We all know to be aware of blind spots while we are driving and many of us double check to make sure there is not a car next to us when we are merging into a lane. But did you know that blind spots can also exist in the office, warehouse or factory?
According to OSHA, the leading causes of worker deaths on construction sites were falls, struck-by-object, electrocutions and caught-in/between. These “Fatal Four” were responsible for more than 64% of the construction deaths in 2015.
When you hear the phrase, “disaster in the workplace,” you think of big explosions, massive fires and horrible accidents. These associations make sense as the effects of disasters, after all, are huge. However, the steps you can take to prevent these large-scale calamities are small, simple and unfortunately often forgotten or ignored.
There are a variety of ways to reduce injuries in your workplace. The two most effective include predictive software, like Arbill's Vantage Predictive Analytics, and common-sense preventative measures that both comply with governmental safety regulations and are practical to your given work environment.
According to OSHA, the leading causes of worker deaths on construction sites were falls, electrocution, struck-by-object and caught-in/between. These “Fatal Four” were responsible for more than 58% of the construction deaths in 2014.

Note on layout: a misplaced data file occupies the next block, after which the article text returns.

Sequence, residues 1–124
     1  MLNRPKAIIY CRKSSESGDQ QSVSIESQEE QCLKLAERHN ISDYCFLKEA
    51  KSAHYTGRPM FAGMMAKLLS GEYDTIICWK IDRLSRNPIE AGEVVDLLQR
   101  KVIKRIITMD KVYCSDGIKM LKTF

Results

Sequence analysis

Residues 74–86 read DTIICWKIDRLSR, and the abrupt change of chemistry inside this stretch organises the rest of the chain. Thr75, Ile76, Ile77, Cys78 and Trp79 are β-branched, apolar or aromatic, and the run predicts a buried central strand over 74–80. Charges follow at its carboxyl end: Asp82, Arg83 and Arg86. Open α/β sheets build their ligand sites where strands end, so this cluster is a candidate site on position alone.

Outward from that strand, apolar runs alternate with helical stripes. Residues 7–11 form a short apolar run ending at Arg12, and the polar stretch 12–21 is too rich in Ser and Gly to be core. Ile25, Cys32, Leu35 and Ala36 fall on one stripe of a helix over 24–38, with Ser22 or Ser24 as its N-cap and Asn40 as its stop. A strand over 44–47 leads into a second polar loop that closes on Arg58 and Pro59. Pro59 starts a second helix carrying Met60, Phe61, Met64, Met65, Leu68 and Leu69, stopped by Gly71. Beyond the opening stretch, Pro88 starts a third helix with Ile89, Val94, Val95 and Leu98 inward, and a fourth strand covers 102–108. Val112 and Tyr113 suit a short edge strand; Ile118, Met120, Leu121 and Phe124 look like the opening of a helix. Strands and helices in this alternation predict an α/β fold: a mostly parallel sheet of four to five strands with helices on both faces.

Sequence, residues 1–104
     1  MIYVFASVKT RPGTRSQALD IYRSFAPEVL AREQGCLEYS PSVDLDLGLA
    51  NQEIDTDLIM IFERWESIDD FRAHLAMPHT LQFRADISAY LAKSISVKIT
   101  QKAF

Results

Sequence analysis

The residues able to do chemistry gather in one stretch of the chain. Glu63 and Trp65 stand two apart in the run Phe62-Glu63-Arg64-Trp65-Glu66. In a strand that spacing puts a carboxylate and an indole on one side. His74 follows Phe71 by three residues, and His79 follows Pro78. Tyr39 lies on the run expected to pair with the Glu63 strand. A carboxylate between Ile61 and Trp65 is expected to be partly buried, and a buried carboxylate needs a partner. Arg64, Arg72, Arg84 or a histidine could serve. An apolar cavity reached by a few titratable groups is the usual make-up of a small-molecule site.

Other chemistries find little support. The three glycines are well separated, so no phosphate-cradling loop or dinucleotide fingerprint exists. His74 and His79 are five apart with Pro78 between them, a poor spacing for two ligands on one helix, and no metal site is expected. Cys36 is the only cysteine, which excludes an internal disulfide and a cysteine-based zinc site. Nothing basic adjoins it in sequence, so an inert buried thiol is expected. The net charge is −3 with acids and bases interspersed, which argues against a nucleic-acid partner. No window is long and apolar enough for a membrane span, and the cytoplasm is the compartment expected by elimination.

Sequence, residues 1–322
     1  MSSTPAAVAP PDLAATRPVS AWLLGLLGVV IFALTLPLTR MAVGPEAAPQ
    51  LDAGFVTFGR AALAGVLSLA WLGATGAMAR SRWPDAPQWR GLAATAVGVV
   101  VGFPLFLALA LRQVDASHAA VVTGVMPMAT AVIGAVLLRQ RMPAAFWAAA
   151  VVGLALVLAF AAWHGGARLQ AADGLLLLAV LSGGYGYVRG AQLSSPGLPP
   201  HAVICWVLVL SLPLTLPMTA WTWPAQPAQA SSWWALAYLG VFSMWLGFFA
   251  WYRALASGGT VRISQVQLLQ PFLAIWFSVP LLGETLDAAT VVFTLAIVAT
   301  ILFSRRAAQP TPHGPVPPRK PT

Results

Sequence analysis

Merriam-Webster's definition of accident is, "an unfortunate event resulting from carelessness or ignorance." The first example of the word used in a sentence is, "He was injured in an accident at work." Why does the first example of accident involve the workplace?
Each week, we try to include information of value with a focus on safety in the workplace. In today’s blog, I am revisiting one of the most requested topics -- the 10 most common workplace injuries and how to prevent them.
A study conducted by J. Paul Leigh, professor of public health sciences at UC Davis has found that occupational injuries and illnesses cost the nation about $250 billion every year, much higher than shown on a previous study in 1992. This figure is $31 billion more than the direct and indirect costs of all cancer, $76 billion more than diabetes, and $187 billion more than strokes.